Chairman Donald Powell of the Federal Deposit Insurance Corporation (FDIC) announced today on Capitol Hill the launch of the FDIC's Hispanic media campaign to raise awareness of the importance of financial education in Hispanic communities across the United States.
"Today, nearly 40 million Hispanics reside in the United States," said Chairman Powell. "But half of that population – nearly 20 million Hispanics – do not have a basic bank account, and little or no understanding of how money works in our society. Without this knowledge, they are deprived of the dream of building wealth or buying a home. Financial education holds the key to financial independence, and we can help."
The summer-long Spanish media campaign will promote the use of the FDIC's free Money Smart financial education program in print and radio ads in Hispanic communities in 14 key areas: Atlanta, Austin, Boston Chicago, Dallas, Denver, Kansas City, Los Angeles, McAllen, Miami, New York, Puerto Rico, San Antonio and Washington, D.C. The campaign will also encourage consumers to call the FDIC's toll-free Money Smart help line – 1-877-449-6629 – and visit the FDIC's Spanish Money Smart Web page – available at www.fdic.gov – to find out how Money Smart can help improve their lives.
The FDIC was recently asked by President Bush to serve on the first national public-private partnership to ensure that financial education is available consistently and comprehensively in Hispanic communities. The FDIC's Hispanic outreach campaign launched today is a first step in that effort.
"Clearly, there is a need for financial education in Hispanic communities," noted Chairman Powell. "The FDIC is committed to providing financial education to those without banking skills, so we invite Hispanic communities throughout the country to explore the benefits of our Money Smart program."
The FDIC's Money Smart curriculum is designed to help adults understand the basics of banking, from opening a savings account to buying a home. It has modules on bank services, credit, budgeting, savings, credit cards, loans, homeownership and more. In addition to the classroom version, the FDIC offers Money Smart in a user-friendly, interactive computer-based instruction format on a CD-ROM and on the FDIC's Web site, allowing students to learn at their own pace.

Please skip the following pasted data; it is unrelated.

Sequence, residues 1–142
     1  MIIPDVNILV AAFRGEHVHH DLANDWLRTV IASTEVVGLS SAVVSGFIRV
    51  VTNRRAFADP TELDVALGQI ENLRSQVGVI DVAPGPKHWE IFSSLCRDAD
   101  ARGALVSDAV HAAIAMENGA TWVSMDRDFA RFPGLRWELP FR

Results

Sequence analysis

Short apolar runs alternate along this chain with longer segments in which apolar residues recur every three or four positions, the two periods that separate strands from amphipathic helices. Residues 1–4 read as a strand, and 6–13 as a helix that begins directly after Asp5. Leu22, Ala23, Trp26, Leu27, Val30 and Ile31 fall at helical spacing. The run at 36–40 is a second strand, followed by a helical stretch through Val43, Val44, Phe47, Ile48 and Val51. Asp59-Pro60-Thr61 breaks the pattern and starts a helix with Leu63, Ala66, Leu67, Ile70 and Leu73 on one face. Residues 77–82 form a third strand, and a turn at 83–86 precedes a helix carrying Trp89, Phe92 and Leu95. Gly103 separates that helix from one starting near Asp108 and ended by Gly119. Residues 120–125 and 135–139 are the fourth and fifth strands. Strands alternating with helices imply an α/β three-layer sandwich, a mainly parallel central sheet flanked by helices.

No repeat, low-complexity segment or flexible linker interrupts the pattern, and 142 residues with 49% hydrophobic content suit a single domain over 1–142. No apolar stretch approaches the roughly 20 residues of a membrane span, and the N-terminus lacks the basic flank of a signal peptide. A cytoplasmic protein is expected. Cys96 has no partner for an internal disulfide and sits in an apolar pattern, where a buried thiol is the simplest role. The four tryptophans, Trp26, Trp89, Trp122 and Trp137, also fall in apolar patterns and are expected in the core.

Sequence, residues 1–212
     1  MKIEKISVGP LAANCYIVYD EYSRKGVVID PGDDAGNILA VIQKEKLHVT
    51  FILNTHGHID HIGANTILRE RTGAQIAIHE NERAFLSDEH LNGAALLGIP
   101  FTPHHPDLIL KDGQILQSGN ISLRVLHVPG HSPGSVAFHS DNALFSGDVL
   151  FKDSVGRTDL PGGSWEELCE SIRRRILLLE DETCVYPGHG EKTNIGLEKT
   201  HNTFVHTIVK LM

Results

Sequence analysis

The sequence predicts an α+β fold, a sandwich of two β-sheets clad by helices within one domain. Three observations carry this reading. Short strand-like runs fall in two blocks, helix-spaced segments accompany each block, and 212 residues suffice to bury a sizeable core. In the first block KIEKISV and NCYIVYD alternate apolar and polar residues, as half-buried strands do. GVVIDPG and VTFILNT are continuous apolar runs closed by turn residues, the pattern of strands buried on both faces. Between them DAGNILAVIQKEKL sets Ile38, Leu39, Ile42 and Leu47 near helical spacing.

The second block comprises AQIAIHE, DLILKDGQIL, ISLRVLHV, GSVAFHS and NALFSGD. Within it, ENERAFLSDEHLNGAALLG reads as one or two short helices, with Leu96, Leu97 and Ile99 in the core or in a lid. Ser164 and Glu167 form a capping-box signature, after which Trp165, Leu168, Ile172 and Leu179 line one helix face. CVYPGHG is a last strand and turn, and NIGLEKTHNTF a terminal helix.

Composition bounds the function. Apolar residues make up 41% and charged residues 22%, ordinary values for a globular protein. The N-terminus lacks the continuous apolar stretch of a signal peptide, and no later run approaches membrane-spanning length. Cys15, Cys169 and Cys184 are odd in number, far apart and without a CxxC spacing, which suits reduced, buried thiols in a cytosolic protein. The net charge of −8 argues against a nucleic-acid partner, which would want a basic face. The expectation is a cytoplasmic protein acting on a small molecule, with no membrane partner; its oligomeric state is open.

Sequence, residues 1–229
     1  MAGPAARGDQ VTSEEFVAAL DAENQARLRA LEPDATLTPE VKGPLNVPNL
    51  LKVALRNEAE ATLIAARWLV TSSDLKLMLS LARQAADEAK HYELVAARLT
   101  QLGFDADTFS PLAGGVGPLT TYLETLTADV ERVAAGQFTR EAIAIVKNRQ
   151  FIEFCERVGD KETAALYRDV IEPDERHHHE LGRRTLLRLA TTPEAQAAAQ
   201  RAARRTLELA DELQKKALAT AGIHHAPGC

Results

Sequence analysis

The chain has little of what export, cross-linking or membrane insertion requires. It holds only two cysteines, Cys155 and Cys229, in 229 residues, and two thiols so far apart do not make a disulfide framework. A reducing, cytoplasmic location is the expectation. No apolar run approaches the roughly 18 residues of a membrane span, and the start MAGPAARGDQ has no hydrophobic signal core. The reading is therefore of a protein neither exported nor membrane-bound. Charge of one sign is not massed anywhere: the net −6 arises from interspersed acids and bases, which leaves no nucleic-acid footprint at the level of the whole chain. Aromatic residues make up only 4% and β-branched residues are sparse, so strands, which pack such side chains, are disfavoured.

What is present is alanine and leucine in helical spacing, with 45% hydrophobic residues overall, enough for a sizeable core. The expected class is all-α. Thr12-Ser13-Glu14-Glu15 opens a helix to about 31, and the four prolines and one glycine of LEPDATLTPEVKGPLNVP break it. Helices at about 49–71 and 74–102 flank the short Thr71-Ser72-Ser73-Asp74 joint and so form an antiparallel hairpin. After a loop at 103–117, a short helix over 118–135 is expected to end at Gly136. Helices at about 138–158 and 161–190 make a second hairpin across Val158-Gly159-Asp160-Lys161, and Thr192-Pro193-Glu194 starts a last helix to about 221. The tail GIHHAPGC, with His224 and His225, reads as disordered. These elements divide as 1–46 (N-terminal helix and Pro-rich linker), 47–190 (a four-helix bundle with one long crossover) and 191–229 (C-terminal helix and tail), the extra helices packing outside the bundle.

Since Money Smart was launched in 2001, about 300,000 people have attended at least one financial education class using the Money Smart curriculum; about 50,000 new banking relationships have been created; more than 900 local Money Smart Alliances have been established with community-based organizations, financial institutions, government agencies and faith-based organizations; and the FDIC now has 31 National Partners. In 2003, the FDIC received the prestigious Service to America Award for its Money Smart program.
The FDIC also offers "Train-the-Trainer" sessions, and encourages community members to consider becoming a Money Smart teacher. Since 2001, the FDIC has offered about 370 trainer sessions and taught more than 9,000 instructors.
"We are proud of our leadership role in financial education," said Chairman Powell. "We look forward to sharing our Money Smart program with Hispanic communities across the country and making a positive difference in their lives."
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Congress created the Federal Deposit Insurance Corporation in 1933 to restore public confidence in the nation's banking system. The FDIC insures deposits at the nation's 8,930 banks and savings associations and it promotes the safety and soundness of these institutions by identifying, monitoring and addressing risks to which they are exposed.
The FDIC receives no federal tax dollars – insured financial institutions fund its operations.
FDIC press releases and other information are available on the Internet at www.fdic.gov, by subscription electronically (go to www.fdic.gov/about/subscriptions/index.html) and may also be obtained through the FDIC's Public Information Center (877-275-3342 or (703) 562-2200).